In our study, treatment of NB cells with a low dose of etoposide causes oxidative DNA damage that is increased after PKCδ overexpression. Treatment with etoposide and BSO (1, 3 and 6 h) induces, in PKCδ-overexpressing cells, an early and transitory translocation of active full-length PKCδ to the nuclear compartment. This event, that preceded the appearance of apoptosis, is required to induce the late DNA damage. In fact, when cells were transfected with PKCδ-DN, the BSO or etoposide exposure did not cause the nuclear localization of PKCδ and there was no evidence of DNA damage. This demonstrates that it is only the catalytically competent kinase that is able to translocate to the nucleus and induce or amplify the genotoxic damage. Moreover, incubation with etoposide and BSO (1, 3 and 6 h) is not accompanied by the appearance of the catalytic fragment of PKCδ. Therefore, our results show that PKCδ-nuclear translocation is an essential key step to prime the sequence of molecular events which culminate in the late caspase 3 activation and in the irreversible commitment of cells to apoptosis. Accordingly, it has been demonstrated that nuclear accumulation of PKCδ is caspase-independent and occurs prior to activation of the components of the apoptotic pathway .
Numerous PKCδ targets and substrates are nuclear proteins that function in apoptotic cell death, such as the nuclear DNA-dependent protein kinase (DNA-PK) which plays an essential role in the repair of DNA double-strand breaks . It has been demonstrated that activated PKCδ phosphorylates DNA-PK and induces its dissociation from DNA, inhibiting DNA repair and enhancing DNA fragmentation . These findings are in agreement with the role of PKCδ overexpression in the DNA damage in consequence to BSO or etoposide treatment.
In this context, a thorough understanding of how PKCδ regulates apoptosis, in particular when cancer cells acquire resistance to chemotherapeutic drugs, could significantly improve the efficiency of cancer therapy.
Altogether, our data provides information for a potential PKCδ-based therapy that, in combination with chemotherapeutic agents, could act as a chemo-sensitizer, reducing drug dosages and relative periods of treatment and preventing the development of chemoresistance.
In conclusion, to tailor a specific therapy, we believe that analyses of ROS-mediated survival pathways, taking account of the tumor type and stage, might be helpful.
We thank Mr. Giuseppe Catalano (DIMES-University of Genoa, Italy) for his technical assistance and Mrs. Suzanne Patten for language editing.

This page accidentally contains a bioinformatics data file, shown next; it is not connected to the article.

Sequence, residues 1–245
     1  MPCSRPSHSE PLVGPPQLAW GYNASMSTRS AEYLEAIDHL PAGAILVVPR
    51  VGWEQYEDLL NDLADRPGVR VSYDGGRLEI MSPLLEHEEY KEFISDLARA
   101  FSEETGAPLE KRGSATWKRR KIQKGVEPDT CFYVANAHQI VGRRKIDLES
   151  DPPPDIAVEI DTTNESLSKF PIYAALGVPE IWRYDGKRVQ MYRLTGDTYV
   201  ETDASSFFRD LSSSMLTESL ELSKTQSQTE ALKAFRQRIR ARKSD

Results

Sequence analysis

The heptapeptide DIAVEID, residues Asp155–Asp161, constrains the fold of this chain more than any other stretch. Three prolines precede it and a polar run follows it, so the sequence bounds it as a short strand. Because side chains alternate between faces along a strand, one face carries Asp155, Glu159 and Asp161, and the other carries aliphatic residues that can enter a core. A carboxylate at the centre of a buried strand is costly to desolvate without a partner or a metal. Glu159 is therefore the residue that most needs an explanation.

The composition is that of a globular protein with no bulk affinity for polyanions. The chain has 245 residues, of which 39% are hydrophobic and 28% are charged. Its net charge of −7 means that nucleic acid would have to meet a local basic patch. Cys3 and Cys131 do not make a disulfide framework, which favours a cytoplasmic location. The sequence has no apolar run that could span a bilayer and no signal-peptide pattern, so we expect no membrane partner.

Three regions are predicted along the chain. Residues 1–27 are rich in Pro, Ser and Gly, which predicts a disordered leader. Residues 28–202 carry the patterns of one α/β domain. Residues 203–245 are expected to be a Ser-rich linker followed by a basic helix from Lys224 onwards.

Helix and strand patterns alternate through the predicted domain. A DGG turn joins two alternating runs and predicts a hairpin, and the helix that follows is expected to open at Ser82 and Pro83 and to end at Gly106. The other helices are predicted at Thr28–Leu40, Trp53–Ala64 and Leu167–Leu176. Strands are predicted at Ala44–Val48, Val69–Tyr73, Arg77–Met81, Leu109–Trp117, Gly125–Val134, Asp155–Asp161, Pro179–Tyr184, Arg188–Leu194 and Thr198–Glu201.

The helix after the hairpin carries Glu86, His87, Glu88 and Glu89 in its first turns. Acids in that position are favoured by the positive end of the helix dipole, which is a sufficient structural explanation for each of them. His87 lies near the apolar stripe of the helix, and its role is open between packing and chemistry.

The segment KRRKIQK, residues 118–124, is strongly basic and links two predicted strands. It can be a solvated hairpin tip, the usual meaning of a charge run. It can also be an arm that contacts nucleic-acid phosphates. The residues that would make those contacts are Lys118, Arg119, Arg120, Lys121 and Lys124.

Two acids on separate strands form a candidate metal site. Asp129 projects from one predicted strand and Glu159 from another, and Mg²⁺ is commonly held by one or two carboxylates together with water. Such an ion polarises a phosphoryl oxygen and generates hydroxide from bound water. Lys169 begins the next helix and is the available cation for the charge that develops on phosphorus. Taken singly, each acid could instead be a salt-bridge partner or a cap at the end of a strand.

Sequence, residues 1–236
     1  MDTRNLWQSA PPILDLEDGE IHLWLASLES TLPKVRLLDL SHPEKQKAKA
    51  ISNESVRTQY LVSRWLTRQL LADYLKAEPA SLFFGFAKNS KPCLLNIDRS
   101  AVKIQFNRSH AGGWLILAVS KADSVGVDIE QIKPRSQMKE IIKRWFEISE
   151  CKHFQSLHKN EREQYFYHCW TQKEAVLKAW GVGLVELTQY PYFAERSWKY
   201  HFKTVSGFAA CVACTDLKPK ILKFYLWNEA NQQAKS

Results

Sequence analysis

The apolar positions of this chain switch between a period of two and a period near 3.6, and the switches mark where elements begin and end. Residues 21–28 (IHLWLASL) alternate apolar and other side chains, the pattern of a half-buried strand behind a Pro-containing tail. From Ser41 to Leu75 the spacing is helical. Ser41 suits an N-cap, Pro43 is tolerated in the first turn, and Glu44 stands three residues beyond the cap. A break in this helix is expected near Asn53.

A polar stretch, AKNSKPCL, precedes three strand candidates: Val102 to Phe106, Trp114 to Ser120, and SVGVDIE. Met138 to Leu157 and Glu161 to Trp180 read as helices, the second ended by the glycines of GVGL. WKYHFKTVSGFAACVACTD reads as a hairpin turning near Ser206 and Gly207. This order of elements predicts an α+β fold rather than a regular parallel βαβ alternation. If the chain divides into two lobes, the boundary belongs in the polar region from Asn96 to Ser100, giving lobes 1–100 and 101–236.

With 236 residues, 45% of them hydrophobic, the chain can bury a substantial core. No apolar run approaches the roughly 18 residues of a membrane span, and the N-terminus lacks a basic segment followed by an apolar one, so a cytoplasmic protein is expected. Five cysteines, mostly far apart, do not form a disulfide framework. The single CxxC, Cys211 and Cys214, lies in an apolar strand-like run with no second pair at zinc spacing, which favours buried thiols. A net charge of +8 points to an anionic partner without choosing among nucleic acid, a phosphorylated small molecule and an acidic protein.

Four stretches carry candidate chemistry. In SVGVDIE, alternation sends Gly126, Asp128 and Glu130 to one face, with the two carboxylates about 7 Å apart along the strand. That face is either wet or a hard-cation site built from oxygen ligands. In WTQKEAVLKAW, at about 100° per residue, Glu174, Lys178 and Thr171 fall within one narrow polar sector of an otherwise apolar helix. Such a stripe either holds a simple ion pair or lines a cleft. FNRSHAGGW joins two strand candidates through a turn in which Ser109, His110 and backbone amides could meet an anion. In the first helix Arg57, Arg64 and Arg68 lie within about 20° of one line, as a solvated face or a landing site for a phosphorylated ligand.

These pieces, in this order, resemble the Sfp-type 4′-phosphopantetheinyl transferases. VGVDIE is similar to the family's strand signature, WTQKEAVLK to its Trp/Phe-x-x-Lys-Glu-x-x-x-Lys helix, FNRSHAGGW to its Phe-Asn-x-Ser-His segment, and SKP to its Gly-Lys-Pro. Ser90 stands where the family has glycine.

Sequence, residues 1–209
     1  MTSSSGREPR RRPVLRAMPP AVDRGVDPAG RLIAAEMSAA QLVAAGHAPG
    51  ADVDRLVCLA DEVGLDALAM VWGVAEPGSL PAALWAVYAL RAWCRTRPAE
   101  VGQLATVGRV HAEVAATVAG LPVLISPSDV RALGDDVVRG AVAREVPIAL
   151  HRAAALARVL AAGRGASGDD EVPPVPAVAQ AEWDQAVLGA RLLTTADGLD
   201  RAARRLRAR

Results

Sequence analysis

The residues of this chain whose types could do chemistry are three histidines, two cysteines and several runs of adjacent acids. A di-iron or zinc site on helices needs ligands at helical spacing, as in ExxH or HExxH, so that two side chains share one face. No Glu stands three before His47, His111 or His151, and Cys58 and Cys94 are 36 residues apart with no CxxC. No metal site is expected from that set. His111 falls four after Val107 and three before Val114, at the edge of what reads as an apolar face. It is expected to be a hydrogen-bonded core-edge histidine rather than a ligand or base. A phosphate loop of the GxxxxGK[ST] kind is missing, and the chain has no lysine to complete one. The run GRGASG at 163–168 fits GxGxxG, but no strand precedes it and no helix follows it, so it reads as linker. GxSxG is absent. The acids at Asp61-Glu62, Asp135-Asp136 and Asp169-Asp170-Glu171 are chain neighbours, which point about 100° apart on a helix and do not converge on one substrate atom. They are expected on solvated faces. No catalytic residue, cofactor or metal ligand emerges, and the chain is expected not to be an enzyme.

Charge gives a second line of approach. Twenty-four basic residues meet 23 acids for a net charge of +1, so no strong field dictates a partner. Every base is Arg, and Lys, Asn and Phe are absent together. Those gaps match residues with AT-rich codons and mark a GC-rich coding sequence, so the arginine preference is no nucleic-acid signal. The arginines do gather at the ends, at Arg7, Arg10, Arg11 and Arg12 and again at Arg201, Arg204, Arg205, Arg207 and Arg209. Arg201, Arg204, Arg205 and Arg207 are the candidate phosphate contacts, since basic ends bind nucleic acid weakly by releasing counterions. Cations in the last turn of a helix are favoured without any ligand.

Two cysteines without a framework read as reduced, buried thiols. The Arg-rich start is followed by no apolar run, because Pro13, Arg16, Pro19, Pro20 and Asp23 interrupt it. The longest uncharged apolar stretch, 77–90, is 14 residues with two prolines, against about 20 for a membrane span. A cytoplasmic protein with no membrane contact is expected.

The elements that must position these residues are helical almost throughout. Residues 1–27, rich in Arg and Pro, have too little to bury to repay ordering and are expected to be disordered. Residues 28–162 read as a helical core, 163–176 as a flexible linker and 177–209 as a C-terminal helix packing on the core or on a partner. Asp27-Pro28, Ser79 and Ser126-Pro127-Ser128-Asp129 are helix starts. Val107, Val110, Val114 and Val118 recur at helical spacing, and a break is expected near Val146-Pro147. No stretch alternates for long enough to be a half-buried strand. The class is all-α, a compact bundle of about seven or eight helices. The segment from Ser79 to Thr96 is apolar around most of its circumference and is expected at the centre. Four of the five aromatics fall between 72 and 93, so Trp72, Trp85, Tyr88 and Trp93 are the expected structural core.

Conceived and designed the experiments: BM CDC CD. Performed the experiments: BM CDC RR MP. Analyzed the data: BM CDC RR MN JMZ UMM CD. Contributed reagents/materials/analysis tools: MAP CD. Wrote the paper: CD.
- 1. Fulda S, Debatin , KM (2003) Apoptosis pathways in neuroblastoma therapy. Cancer Lett 197: 131–135.
- 2. de Bernardo S, Canals S, Casarejos MJ, Solano RM, Menendez J, et al. (2004) Role of extracellular signal-regulated protein kinase in neuronal cell death induced by glutathione depletion in neuron/glia mesencephalic cultures. J Neurochem 91: 667–682.
- 3. Nishizuka Y (1992) Intracellular signaling by hydrolysis of phospholipids and activation of protein kinase C. Science 258: 607–614.
- 4. Cacace AM, Ueffing M, Philipp A, Han EK, Kolch W, et al. (1996) PKC epsilon functions as an oncogene by enhancing activation of the Raf kinase. Oncogene 13: 2517–2526.
- 5. Heit I, Wieser RJ, Herget T, Faust D, Borchert-Stuhltrager M, et al. (2001) Involvement of protein kinase Cdelta in contact-dependent inhibition of growth in human and murine fibroblasts. Oncogene 20: 5143–5154.
- 6. Hornia A, Lu Z, Sukezane T, Zhong M, Joseph T, et al. (1999) Antagonistic effects of protein kinase C alpha and delta on both transformation and phospholipase D activity mediated by the epidermal growth factor receptor. Mol Cell Biol 19: 7672–7680.
- 7. Jiang XH, Tu SP, Cui JT, Lin MC, Xia HH, et al. (2004) Antisense targeting protein kinase C alpha and beta1 inhibits gastric carcinogenesis. Cancer Res 64: 5787–5794.
- 8. Perletti GP, Marras E, Concari P, Piccinini F, Tashjian AH Jr (1999) PKCdelta acts as a growth and tumor suppressor in rat colonic epithelial cells. Oncogene 18: 1251–1256.
- 9. Kambhampati S, Li Y, Verma A, Sassano A, Majchrzak B, et al. (2003) Activation of protein kinase C delta by all-trans-retinoic acid. J Biol Chem 278: 32544–32551.
- 10. Emoto Y, Kisaki H, Manome Y, Kharbanda S, Kufe D (1996) Activation of protein kinase Cdelta in human myeloid leukemia cells treated with 1-beta-D-arabinofuranosylcytosine. Blood 87: 1990–1996.
- 11. Jackson DN, Foster DA (2004) The enigmatic protein kinase Cdelta: complex roles in cell proliferation and survival. Faseb J 18: 627–636.
- 12. Marengo B, Raffaghello L, Pistoia V, Cottalasso D, Pronzato MA, et al. (2005) Reactive oxygen species: biological stimuli of neuroblastoma cell response. Cancer Lett 228: 111–116.
- 13. Simon T, Langler A, Harnischmacher U, Fruhwald MC, Jorch N, et al. (2007) Topotecan, cyclophosphamide, and etoposide (TCE) in the treatment of high-risk neuroblastoma. Results of a phase-II trial. J Cancer Res Clin Oncol 133: 653–661.
- 14. Hsieh HL, Wang HH, Wu CY, Jou MJ, Yen MH, et al. (2007) BK-induced COX-2expression via PKC-δ-dependent activation of p42/p44 MAPK and NF-kB in astrocytes. Cell Signal 19: 330–340.
- 15. Domenicotti C, Marengo B, Verzola D, Garibotto G, Traverso N, et al. (2003) Role of PKC-delta activity in glutathione-depleted neuroblastoma cells. Free Radic Biol Med 35: 504–516.
- 16. Nitti M, Furfaro AL, Traverso N, Odetti P, Storace D, et al. (2007) PKC delta and NADPH oxidase in AGE-induced neuronal death. Neurosci Lett 416: 261–265.
- 17. Pessino A, Passalacqua M, Sparatore B, Patrone M, Melloni E, et al. (1995) Antisense oligodeoxynucleotide inhibition of delta protein kinase C expression accelerates induced differentiation of murine erythroleukaemia cells. Biochem J 312: 549–554.